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/outlines/Git Foundations Workshop Complete Outline.orgmode

http://github.com/matthewmccullough/git-workshop
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  1Git Foundations
  2
  3Distributed version control is all the rage these days, but is it worth it? It has been transformative for the dozens of organizations and thousands of developers that I’ve mentored on the unique implementation called Git. But don’t take my word for it. Discover the joy of a version control system that works for you, not against you, in a hands-on workshop. Bring a Windows, Mac, or Linux laptop and we’ll install, set up, use and bend Git into workflows that weren’t even possible with the version control systems of yesteryear. Be prepared to rethink how lightweight, fast, and refreshing source code control can be. After completing this workshop you’ll be able to do practical work with Git for your day job or weekend OSS hobby.
  4
  5* Repos
  6** Workshop Materials
  7*** https://github.com/matthewmccullough/git-workshop
  8** Sample Project
  9*** https://github.com/matthewmccullough/hellogitworld
 10** Shell Scripts
 11*** https://github.com/matthewmccullough/scripts
 12** Shell Decorations
 13*** https://github.com/matthewmccullough/MatthewsShellConfig
 14** Cheat Sheet
 15*** http://refcardz.dzone.com/refcardz/getting-started-git
 16
 17* What is Git?
 18** Why a distributed version control system?
 19** How does Git differ from previous VCS systems?
 20
 21* Installing Git
 22** The 5 minute litmus test
 23** No systemic intrusions
 24** Ask for a USB Stick if you need binaries
 25
 26* Creating local repositories.
 27** git init
 28*** On exisiting code or folders
 29*** Legacy repo creation syntax
 30** git init <REPONAME>
 31*** For a brand new project
 32*** Recent convenience syntax (1.7 era)
 33
 34* Configuring Git
 35** Git Config
 36*** Local
 37*** Global
 38*** System
 39** Your Name
 40*** git config --global user.name "Matthew McCullough"
 41** Your Editor
 42*** git config --global user.email "matthewm@ambientideas.com"
 43** Color
 44*** git config --global color.ui "auto"
 45
 46* The Basic Commands
 47** Add
 48*** git add <FILENAME>
 49*** git add <PATTERN>
 50*** Interactive checkin
 51**** git add -p
 52** Commit
 53*** Making code a permanent part of history
 54*** Writing a commit to the .git/objects directory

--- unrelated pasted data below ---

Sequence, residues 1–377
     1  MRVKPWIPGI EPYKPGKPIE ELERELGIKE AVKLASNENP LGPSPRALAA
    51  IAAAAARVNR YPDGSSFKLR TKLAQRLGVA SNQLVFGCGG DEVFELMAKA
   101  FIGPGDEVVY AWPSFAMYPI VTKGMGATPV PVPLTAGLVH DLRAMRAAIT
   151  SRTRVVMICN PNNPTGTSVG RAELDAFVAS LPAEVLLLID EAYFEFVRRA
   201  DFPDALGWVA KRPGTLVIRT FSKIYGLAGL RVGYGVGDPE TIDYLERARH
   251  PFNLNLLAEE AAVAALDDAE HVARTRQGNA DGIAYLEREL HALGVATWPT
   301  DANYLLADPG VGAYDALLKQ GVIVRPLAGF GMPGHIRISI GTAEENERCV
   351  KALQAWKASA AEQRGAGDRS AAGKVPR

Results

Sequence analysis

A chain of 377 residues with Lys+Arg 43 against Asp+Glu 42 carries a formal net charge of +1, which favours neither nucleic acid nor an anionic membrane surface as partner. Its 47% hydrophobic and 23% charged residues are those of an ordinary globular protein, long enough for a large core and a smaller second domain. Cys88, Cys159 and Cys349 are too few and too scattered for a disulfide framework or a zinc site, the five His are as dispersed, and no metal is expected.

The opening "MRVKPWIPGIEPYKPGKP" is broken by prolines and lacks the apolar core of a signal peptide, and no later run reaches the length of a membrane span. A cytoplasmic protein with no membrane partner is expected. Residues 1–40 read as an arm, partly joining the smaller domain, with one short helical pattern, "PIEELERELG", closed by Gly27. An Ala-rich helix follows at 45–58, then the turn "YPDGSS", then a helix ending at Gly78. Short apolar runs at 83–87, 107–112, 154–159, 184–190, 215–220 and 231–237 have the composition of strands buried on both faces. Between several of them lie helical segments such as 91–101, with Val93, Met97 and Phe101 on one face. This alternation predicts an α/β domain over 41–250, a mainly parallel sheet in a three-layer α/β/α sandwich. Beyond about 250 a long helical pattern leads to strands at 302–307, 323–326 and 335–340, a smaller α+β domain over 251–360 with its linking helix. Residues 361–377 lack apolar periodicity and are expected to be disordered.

55** Reset
 56*** Affects the index, HEAD an working directory
 57*** git reset --hard
 58*** git reset --soft
 59*** git reset --mixed
 60
 61* Three stage thinking
 62** Why Git has three trees
 63** Why Git has a staging area
 64** Why Git cares about content
 65
 66* Git under the hood
 67** Hashes
 68** DAGs
 69** Treeish
 70
 71* A code-and-commit workflow
 72** Write code, change files
 73** Add only what's ready for consumption
 74** Commit only that portion
 75
 76* Cloning
 77** Hello Git World repo via three addresses
 78*** https://matthewmccullough@github.com/matthewmccullough/hellogitworld.git
 79*** git://github.com/matthewmccullough/hellogitworld.git
 80*** git@github.com:matthewmccullough/hellogitworld.git
 81** Each protocol type has minor differences
 82** Resulting repo is the same
 83
 84* Remotes
 85** Multiples
 86** Just bookmarks
 87
 88* Branching in Git
 89** Cheap branches
 90** Managing branches
 91** Merging code
 92** Rebasing: A better merge
 93
 94* Navigating the tree: diff, ls-tree and show
 95** Git exposes its internals
 96** Can discover the data structures
 97
 98* Seeing Git as a content tracker (not just file tracker).
 99* Understanding Git network operations, including cloning, remotes, pushing & pulling.
100** Deleting branches
101
102* Branching for experiments, stories, and features.
103** Creating branches for later
104*** git branch <BRANCHNAME>
105** Creating for now
106*** git checkout -b <BRANCHNAME>
107
108* Merging branches, tags, and arbitrary hashes with recursive and fast-forward outcomes.
109** git merge <branch>
110** Which branches are merged?
111** git branch --merged
112** git branch --no-merged
113
114* Rebasing for code change clarity, unification, and history linearity.
115** Traditional rebase
116*** git rebase <COMMIT>
117** Interactive rebase
118*** git rebase -i <COMMIT>
119
120* History Modification
121** Reset
122** Amend
123** Rebase
124** Reflog
125
126* Workflows
127** Offline sharing
128** Pushing and pulling
129** Commander, lieutenant and soldier
130** Centralized
131
132* Tools
133** GUIs and IDEs
134** Web tools
135** Git hosting
136
137* Precision Actions
138** Merging a single file
139*** git checkout 
140** Displaying a file at a certain point in time
141*** git show TREEISH:filename
142
143* Broad Actions
144** Logging ranges
145*** git log SINCE..TO
146** Diffing arbitrary hashes
147*** git diff ANYFROM ANYTO
148
149* Hashing examples in the real world
150** Names (3 letters + 1) on United screens
151** First letter plus last on bulletins
152** Trying to make a unique thing out of a non unique or large thing (full name)
153** Trying to obscure the data but still offer a unique fingerprint